Skip to content

Charles Goss’ Vanishing City

December 14, 2022
by the gentle author

This Thursday 15th December at 6:30pm, I shall be giving a reading in company with my good friends, the novelist Sarah Winman and the poet Stephen Watts at Burley Fisher Books in Dalston, 400 Kingsland Rd, E8 4AA. Tickets are free – click here to book


If you fancy a bracing walk as a respite from the festivities, tickets are available for THE GENTLE AUTHOR’S TOUR OF SPITALFIELDS on Boxing Day and New Year’s Day.


Click here to buy GIFT VOUCHERS for The Gentle Author’s Tours – the ideal present for friends and family – and I will send a handwritten greetings card to the recipients


33 Lime St

A man gazed from the second floor window of 33 Lime St in the City of London on February 10th 1911 at an unknown photographer on the pavement below. He did not know the skinny man with the camera and wispy moustache was Charles Goss, archivist at the Bishopsgate Institute, who made it part of his work to record the transient city which surrounded him.

Around fifty albumen silver prints exist in the archive – from which these pictures are selected and published for the first time today – each annotated in Goss’ meticulous handwriting upon the reverse and most including the phrase “now demolished.” Two words that resonate through time like the tolling of a knell.

It was Charles Goss who laid the foundation of the London collection at the Institute, spending his days searching street markets, bookshops and sale rooms to acquire documentation of all kinds – from Cries of London prints to chapbooks, from street maps to tavern tokens – each manifesting different aspects of the history of the great city.

Such was his passion that more than once he was reprimanded by the governors for exceeding his acquisition budget and, such was his generosity, he gathered a private collection in parallel to the one at the library and bequeathed it to the Institute on his death. Collecting the city became Goss’ life and his modest script is to be discovered everywhere in the archive he created, just as his guiding intelligence is apparent in the selection of material that he chose to collect.

It is a logical progression from collecting documents to taking photographs as a means to record aspects of the changing world and maybe Goss was inspired by the Society for Photographing the Relics of Old London in the eighteen-eighties, who set out to photograph historic buildings that were soon to be destroyed. Yet Goss’ choice of subject is intriguing, including as many shabby alleys and old yards as major thoroughfares with overtly significant edifices – and almost everything he photographed is gone now.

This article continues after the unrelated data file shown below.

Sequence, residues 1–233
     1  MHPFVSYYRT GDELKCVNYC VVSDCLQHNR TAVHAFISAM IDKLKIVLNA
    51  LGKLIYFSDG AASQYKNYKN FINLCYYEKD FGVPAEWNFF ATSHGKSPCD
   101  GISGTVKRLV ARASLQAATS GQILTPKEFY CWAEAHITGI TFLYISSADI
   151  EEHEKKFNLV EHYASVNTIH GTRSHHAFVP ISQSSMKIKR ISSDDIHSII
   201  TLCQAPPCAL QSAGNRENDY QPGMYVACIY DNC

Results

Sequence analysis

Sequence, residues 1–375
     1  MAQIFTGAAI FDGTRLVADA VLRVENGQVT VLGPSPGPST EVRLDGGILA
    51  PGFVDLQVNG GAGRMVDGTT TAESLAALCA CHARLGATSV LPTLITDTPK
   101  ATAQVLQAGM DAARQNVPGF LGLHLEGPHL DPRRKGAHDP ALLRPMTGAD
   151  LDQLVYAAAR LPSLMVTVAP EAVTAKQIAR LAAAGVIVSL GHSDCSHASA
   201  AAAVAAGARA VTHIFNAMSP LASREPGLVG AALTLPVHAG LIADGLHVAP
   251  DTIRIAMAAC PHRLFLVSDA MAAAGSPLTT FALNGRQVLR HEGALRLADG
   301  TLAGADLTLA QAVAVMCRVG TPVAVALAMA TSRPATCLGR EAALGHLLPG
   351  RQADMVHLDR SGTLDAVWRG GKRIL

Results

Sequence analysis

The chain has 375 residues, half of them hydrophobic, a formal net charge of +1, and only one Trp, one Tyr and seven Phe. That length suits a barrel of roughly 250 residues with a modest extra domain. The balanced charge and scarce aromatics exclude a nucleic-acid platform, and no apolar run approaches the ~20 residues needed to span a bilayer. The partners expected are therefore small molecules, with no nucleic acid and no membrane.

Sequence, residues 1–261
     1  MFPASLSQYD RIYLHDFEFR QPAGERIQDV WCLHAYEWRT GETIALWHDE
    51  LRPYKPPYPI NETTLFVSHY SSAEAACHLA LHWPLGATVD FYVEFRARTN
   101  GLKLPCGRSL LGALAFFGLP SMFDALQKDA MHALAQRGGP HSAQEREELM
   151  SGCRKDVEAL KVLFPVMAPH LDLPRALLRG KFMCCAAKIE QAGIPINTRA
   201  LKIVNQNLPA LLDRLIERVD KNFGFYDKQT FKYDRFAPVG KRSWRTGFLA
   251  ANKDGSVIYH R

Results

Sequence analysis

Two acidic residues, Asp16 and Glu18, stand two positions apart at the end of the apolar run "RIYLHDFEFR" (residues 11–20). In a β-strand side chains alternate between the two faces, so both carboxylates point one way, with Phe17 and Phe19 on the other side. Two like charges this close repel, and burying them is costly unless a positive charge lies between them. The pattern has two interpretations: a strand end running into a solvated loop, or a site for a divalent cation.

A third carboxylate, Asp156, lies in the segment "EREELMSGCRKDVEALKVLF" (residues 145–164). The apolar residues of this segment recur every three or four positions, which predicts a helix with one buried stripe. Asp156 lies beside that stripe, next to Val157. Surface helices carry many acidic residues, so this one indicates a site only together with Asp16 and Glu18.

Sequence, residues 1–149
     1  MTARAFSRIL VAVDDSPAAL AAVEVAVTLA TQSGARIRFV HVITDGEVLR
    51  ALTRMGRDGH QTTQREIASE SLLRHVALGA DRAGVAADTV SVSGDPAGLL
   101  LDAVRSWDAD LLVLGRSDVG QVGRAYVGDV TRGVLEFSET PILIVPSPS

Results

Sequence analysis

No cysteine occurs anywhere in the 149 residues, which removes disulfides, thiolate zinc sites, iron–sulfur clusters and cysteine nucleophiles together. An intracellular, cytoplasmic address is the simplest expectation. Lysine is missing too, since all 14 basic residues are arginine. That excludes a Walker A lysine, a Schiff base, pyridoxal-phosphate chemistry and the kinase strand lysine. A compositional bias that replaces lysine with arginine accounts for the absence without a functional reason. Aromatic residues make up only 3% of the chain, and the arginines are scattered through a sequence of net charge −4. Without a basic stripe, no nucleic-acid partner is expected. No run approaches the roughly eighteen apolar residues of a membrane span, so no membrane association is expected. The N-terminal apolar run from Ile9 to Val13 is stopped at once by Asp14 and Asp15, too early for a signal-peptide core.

It is a curious side-effect of becoming immersed in the study of the past that the present day itself grows more transient and ephemeral once set against the perspective of history. In Goss’ mind, he was never merely taking photographs, he was capturing images as fleeting as ghosts, of subjects that were about to vanish from the world. The people in his pictures are not party to his internal drama yet their presence is even more fleeting than the buildings he was recording – like that unknown man gazing from that second floor window in Lime St on 10th February 1911.

To judge what of the present day might be of interest or importance to our successors is a subject of perennial fascination, and these subtle and melancholic photographs illustrate Charles Goss’ answer to that question.

14 Cullum St, 10th February 1910

3, 4 & 5 Fenchurch Buildings, Aldgate, 28th October 1911

71-75 Gracechurch St, 1910

Botolph’s Alley showing 7 Love Lane, 16th December 1911

6 Catherine Court looking east, 8th October 1911

Bury St looking east, 3rd July 1911

Corporation Chambers, Church Passage, Cripplegate, 31st January 1911 – now demolished

Fresh Wharf. Lower Thames St, 28th January 1912

Gravel Lane, looking south-west, 11th October 1910

1 Muscovy Court, 5th June 1911

3 New London St, 28th January 1912

4 Devonshire Sq

52 Gresham St, 17th September 1911

9-11 Honey Lane Market, Cheapside, 16th October 1910

Crutched Friars looking east from 37, 11th February 1911

Crutched Friars looking east, 28th October 1911

35 & 36 Crutched Friars, 28th January 1912

Yard of 36 Crutched Friars looking north, 11th February 1912

Yard of 36 Crutched Friars looking south, February 11th 1912

Old Broad St looking south, 24th July 1911

Charles Goss (1864-1946)

Photographs courtesy Bishopsgate Institute

You may also like to take a look at

The Ghosts of Old London

A Room to Let in Old Aldgate

and see more of Goss’ photography

Charles Goss’ Photographs

Charles Goss’ Bishopsgate Photographs

3 Responses leave one →
  1. Bernie permalink
    December 14, 2022

    Some extraordinary items can be seen, such as the two square frames above the roofline in the last image. What ever do they do/represent?

  2. Ken Green permalink
    December 14, 2022

    What stunning pictures, so sharp and clear.

  3. Christine permalink
    January 17, 2023

    I loved looking at these and all old photos! I looked at Crutched Friars on todays maps and so sad that it is nearly all windows and stainless steel x

Leave a Reply

Note: Comments may be edited. Your email address will never be published.

Subscribe to this comment feed via RSS